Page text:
One of the country’s largest Pride parades will wind through the streets of Denver this weekend. The grand marshall is the first openly gay governor in United States history. For many, it’s seen as a symbol of hard-won tolerance for LGBTQ residents in what used to be known as the hate state.
Last month, on the steps of the Capitol building, Gov. Jared Polis addressed a cheerful crowd of LGBTQ rights advocates, many waving rainbow flags.
They were watching him sign a statewide ban on conversion therapy. The practice is used to attempt to change a patient from gay to straight.
“Not only is there no evidence whatsoever that anybody can change their sexual orientation, but in fact many of these therapies are counterproductive,” Polis said.
It was hailed a big win for the community, which hasn’t always felt at home in Colorado.
“In just 27 years we’ve had a remarkable transformation from what was derogatorily called the ‘hate state’ to a place where the rights of all Coloradans are respected,” Polis added.
But things were much different leading up to the 1992 election. A group in Colorado Springs called Colorado For Family Values ran a ballot measure called Amendment 2, which said the state couldn’t pass any law where homosexual, lesbian or bisexual orientation was the basis of any protected status or claim of discrimination.
It was in direct opposition to cities like Denver and Boulder that had recently passed local anti-discrimination laws.
Equal rights groups led an aggressive No on 2 campaign. That included Glenda Russell, a psychologist from Louisville. On election night, she and her partner attended the watch party. They were optimistic it would fail. But when the results came in, the room fell silent.
Amendment 2 won with 53 percent of the vote
“I started crying,” she said. “Because even though I had sort of expected it, you know, you expect lots of things to happen but when they happen, there's still a psychological hit.”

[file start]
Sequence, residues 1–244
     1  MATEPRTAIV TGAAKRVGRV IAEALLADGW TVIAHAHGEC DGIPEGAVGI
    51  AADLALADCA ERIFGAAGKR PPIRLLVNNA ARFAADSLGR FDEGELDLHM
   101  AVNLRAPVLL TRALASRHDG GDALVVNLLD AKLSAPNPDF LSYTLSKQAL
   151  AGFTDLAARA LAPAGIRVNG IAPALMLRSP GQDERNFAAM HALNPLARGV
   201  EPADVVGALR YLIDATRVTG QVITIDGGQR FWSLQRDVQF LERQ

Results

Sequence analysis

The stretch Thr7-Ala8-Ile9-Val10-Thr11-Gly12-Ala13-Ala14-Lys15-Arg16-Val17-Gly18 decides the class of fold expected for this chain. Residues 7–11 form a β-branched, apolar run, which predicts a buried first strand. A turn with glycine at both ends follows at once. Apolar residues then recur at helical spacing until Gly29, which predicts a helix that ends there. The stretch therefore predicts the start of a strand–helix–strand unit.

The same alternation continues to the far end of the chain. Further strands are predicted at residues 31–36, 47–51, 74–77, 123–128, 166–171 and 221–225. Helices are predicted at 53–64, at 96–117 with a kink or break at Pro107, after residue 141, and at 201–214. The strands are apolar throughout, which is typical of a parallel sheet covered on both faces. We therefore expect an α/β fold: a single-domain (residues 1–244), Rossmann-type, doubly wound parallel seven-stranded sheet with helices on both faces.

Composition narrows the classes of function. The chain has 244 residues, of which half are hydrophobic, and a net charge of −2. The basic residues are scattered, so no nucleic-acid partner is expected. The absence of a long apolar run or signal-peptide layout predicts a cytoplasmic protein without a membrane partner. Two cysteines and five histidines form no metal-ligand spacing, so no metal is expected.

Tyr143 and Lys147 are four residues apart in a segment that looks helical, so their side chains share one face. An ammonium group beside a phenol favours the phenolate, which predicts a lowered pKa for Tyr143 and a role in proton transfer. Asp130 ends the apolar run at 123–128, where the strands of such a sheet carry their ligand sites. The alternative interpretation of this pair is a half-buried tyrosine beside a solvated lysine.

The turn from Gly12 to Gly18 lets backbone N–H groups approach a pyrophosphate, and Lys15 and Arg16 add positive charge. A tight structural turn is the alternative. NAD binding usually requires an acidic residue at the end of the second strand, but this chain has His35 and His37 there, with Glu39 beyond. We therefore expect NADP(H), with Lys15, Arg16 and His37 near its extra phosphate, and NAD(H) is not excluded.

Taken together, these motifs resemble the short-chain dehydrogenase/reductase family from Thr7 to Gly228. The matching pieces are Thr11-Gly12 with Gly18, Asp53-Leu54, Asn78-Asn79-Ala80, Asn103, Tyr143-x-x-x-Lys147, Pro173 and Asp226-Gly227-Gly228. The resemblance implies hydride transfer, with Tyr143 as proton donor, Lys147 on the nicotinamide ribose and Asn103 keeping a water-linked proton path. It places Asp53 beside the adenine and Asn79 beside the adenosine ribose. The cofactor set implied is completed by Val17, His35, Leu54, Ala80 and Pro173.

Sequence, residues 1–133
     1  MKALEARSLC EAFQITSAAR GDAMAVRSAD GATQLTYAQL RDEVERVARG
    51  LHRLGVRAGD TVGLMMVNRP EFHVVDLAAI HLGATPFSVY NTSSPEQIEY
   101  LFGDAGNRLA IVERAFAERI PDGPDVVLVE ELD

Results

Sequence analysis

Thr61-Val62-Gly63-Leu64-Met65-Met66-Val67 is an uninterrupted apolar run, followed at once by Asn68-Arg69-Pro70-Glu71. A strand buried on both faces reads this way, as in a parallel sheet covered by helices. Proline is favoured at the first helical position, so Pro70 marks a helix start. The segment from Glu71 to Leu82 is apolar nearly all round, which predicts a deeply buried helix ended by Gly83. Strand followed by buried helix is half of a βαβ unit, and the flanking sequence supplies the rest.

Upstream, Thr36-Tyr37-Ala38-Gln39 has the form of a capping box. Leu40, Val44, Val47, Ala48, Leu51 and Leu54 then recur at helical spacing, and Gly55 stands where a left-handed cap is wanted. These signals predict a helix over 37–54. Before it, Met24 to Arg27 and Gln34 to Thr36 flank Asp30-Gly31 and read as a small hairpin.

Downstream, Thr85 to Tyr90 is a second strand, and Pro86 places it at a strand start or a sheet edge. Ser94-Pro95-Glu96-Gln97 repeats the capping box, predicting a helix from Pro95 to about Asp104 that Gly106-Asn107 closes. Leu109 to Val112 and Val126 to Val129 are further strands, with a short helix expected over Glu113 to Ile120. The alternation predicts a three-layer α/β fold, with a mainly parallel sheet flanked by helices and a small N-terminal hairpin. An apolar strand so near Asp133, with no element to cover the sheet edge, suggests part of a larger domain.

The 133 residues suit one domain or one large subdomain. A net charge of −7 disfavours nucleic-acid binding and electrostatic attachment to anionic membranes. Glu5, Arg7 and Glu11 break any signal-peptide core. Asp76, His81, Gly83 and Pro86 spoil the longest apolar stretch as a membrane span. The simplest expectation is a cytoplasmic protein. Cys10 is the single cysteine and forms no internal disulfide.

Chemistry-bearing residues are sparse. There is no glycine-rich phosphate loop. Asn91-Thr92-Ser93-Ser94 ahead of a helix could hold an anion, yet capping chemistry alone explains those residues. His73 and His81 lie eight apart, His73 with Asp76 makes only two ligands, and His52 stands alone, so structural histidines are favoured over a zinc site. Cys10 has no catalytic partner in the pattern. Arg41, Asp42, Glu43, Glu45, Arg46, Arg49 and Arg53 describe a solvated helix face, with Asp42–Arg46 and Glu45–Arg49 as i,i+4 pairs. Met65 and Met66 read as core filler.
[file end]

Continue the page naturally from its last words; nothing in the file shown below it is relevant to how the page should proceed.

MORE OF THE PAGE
Immediately after, calls for a boycott of Colorado came from around the country, as did the now-famous “Hate State” epithet. That’s when Russell started studying the social and psychological impact it had on the community.
“People had a sense of what I called psychic homelessness,” she said. “Like, ‘I used to feel safe here. This used to be where I lived. Now I don't feel like this is my state anymore.’”
Even though the measure had negative impacts, Russell said, it also led to something positive.
“You just had incredible mobilization of political groups all over the state,” she said. “Some people estimate over a hundred political groups got born.”
After court battles, a challenge to Amendment 2’s constitutionality eventually made it to the Supreme Court in 1996. And it was struck it down.
David Duffield, a historian with the Colorado LGBT History Project, said it was the first supreme court decision ever upholding gay rights. It also helped erase the “Hate State” nickname Colorado had earned.
“After ‘96, we entered this period of quiescence, of quietness,” Duffield said.
The activists working to overturn Amendment 2 needed a new place to channel their momentum. Wealthy donors started pouring money into candidates and political organizations supporting a nationwide movement for marriage equality.